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J Neurosci. 2010 Dec 15;30(50):17091-101. doi: 10.1523/JNEUROSCI.4403-10.2010.

CX3CR1 in microglia regulates brain amyloid deposition through selective protofibrillar amyloid-β phagocytosis.

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Department of Neurology, Northwestern University Feinberg School of Medicine, Chicago, Illinois 60611, USA.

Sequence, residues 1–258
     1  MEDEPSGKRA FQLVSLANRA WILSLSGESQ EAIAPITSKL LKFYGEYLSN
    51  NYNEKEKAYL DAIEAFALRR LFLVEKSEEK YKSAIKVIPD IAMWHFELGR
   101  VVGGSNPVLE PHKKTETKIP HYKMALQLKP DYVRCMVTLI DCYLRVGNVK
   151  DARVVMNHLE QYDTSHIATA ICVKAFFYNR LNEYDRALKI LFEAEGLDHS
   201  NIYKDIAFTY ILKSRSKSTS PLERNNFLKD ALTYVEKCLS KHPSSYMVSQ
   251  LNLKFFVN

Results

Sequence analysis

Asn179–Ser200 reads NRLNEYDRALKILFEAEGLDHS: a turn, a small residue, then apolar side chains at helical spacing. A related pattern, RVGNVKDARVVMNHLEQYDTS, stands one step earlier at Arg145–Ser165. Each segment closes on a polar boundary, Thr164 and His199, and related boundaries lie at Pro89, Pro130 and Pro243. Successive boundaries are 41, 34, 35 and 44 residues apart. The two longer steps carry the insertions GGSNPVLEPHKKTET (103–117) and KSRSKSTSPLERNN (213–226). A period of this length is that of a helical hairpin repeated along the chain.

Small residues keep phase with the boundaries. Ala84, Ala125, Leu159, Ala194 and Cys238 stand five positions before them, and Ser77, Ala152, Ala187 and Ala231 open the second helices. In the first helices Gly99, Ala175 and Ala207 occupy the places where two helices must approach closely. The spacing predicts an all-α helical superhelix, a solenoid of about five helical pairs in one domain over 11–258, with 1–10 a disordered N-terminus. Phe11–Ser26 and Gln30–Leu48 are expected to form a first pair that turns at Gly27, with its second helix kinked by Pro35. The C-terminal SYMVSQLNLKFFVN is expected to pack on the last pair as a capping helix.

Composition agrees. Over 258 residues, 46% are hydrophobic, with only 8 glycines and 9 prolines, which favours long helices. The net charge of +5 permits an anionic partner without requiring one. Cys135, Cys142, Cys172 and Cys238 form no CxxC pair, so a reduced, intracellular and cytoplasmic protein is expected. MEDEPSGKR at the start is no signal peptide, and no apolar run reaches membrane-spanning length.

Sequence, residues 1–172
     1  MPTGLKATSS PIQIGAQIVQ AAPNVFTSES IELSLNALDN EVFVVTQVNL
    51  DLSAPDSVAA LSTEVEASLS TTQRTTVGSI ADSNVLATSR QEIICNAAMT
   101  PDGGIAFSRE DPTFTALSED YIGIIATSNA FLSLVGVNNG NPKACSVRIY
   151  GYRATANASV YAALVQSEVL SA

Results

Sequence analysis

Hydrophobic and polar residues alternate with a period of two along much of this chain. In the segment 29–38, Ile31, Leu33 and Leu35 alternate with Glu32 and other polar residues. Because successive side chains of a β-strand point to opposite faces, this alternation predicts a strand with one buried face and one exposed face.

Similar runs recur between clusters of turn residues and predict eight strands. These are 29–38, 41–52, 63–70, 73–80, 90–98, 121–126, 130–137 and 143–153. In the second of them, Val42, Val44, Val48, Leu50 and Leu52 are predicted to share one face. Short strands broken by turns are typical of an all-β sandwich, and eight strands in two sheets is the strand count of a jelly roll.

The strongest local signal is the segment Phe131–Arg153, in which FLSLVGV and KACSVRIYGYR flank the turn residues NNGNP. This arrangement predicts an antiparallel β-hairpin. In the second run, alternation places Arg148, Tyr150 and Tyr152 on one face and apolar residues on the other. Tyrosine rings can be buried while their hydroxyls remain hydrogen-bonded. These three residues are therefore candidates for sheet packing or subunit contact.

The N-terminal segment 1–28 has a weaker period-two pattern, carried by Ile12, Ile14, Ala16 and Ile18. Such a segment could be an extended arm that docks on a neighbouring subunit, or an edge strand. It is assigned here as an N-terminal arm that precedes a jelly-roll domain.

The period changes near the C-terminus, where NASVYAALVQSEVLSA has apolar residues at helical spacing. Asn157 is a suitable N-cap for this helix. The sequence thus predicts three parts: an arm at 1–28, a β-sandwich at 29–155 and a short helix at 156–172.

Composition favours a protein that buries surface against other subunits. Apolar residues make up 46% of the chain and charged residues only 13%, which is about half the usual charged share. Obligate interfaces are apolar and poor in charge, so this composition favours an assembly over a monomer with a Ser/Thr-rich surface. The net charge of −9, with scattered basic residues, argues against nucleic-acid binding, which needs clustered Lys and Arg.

In Alzheimer's disease (AD), amyloid-β (Aβ) deposits are frequently surrounded by activated microglia but the precise role of these cells in disease progression remains unclear. The chemokine receptor CX3CR1 is selectively expressed in microglia and is thought to modulate their activity. To study the specific effects of microglia activation on amyloid pathology in vivo, we crossbred mice lacking CX3CR1 with the Alzheimer's mouse model CRND8. Surprisingly, we found that CX3CR1-deficient mice had lower brain levels of Aβ40 and Aβ42 and reduced amyloid deposits. Quantification of Aβ within microglia and time-lapse two-photon microscopy in live mice revealed that these cells were highly effective at the uptake of protofibrillar amyloid but were incapable of phagocytosis of fibrillar congophilic Aβ. CX3CR1 deletion was associated with increased phagocytic ability, which led to greater amyloid content within microglial phagolysosomes. Furthermore, CX3CR1-deficient mice had an increased number of microglia around individual plaques because of higher proliferative rates, which likely contributed to an overall greater phagocytic capacity. CX3CR1 deletion did not affect the degree of neuronal or synaptic damage around plaques despite increased microglia density. Our results demonstrate that microglia can regulate brain Aβ levels and plaque deposition via selective protofibrillar Aβ phagocytosis. Modulation of microglia activity and proliferation by CX3CR1 signaling may represent a therapeutic strategy for AD.

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